On a forum elsewhere in the great ether, someone posted a thread about the 10 things at Christmas that take you straight back to your childhood.
In the last couple of years or so, I’ve been pushing at the door to the attic of memory to see what I can find from a past that is, in general, often really rather blurry.
Now in my own version of Proust, I’ve been specifically trying to dredge up food-related memories, and predictably, this set the cogs grinding away once more.
So here is a little selection of seasonal memories – some food related and others not – to perhaps whet your appetite and get your own memories going too.
❅ The arrival of the special double issue of theRadio Times was always something to be met with delight. Even in the days of just three channels, it heralded a lengthy and detailed study as I searched to find films that I loved and those that I'd never seen from Hollywood's golden era.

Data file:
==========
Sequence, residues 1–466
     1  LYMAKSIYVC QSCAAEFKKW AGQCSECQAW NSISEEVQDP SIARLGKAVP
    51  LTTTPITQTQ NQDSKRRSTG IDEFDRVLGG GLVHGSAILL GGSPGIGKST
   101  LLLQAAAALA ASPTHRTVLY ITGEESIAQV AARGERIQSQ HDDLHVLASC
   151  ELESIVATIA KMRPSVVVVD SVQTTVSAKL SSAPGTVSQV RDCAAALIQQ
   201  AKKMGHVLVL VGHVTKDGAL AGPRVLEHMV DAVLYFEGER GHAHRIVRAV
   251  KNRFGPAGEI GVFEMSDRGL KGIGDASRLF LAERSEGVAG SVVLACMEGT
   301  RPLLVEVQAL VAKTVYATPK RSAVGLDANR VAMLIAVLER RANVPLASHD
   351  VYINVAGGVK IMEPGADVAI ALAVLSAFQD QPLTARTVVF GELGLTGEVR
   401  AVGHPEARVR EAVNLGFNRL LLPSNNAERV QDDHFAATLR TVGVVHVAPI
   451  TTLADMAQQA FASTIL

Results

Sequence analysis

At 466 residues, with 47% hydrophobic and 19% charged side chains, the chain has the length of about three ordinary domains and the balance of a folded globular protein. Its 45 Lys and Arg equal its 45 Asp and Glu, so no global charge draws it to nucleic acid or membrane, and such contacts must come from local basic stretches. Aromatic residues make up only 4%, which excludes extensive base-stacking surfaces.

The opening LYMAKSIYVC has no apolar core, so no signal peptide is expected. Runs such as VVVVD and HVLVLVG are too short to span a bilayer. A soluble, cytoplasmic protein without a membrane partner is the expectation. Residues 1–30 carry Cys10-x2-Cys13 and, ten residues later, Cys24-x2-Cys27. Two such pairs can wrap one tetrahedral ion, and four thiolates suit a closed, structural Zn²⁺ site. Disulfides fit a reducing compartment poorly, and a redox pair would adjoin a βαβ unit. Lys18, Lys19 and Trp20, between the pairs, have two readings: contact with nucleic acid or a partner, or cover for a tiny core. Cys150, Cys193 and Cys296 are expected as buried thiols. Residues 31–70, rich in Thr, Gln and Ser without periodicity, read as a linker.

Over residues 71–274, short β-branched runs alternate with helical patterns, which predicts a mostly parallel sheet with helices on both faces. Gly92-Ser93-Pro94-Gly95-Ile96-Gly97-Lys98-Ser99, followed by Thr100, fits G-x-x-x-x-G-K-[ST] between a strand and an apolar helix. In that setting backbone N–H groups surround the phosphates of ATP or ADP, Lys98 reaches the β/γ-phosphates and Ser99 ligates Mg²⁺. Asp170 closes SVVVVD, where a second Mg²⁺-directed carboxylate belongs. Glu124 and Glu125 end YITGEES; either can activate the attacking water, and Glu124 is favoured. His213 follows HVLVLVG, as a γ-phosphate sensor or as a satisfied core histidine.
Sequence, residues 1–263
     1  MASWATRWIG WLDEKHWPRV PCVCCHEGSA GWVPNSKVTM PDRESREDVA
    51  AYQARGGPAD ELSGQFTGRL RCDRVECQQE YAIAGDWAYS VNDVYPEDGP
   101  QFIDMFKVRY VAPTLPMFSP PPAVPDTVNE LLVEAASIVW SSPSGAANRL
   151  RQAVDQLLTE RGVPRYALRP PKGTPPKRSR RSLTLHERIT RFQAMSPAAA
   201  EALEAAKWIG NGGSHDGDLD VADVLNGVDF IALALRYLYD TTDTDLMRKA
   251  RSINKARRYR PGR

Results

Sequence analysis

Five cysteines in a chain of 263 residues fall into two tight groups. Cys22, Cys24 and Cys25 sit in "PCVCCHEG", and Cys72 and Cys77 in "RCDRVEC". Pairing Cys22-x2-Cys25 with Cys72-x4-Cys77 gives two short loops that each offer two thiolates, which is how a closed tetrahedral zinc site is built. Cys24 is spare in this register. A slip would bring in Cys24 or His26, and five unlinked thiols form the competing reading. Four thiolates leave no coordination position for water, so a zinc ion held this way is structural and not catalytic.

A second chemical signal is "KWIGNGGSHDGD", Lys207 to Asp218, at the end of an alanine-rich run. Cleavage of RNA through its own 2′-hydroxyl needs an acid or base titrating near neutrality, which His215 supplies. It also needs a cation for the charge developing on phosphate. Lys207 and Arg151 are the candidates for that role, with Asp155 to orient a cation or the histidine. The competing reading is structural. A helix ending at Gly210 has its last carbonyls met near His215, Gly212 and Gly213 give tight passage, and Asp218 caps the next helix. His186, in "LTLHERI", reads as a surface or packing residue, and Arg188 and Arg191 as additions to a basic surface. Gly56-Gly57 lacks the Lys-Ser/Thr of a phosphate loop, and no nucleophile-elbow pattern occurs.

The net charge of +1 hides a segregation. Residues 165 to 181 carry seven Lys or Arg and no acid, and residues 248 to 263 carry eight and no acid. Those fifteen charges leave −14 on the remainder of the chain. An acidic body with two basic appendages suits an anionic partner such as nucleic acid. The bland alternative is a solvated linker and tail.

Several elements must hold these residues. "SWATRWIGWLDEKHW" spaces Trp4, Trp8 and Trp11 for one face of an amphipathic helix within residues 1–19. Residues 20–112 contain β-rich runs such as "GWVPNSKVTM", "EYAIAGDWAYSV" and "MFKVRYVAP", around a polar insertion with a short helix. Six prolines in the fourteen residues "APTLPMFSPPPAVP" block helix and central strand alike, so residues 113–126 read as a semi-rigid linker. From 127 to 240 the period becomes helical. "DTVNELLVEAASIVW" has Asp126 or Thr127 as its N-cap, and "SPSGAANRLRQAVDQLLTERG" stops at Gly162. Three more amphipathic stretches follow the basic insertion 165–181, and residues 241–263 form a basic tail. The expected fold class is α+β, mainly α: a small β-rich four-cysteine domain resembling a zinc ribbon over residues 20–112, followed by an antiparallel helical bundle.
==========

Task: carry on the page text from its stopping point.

Just before Christmas itself, my mother and I would sit down and work through it more thoroughly, with a pen and paper to note down the things that the entire family would sit and watch together – because television was the centrepiece of family activity.
And after, like picking the final scraps of meat from the carcass, I’d raid it one final time, snipping out pictures and film details for a scrapbook.
❅ Turkey. I don't miss the big roast – but I do miss the sandwiches on Christmas night, when the far tastier dark meat would be packed between sliced white bread, seasoned well, and served with one of my mother's now cold stuffing balls on the side.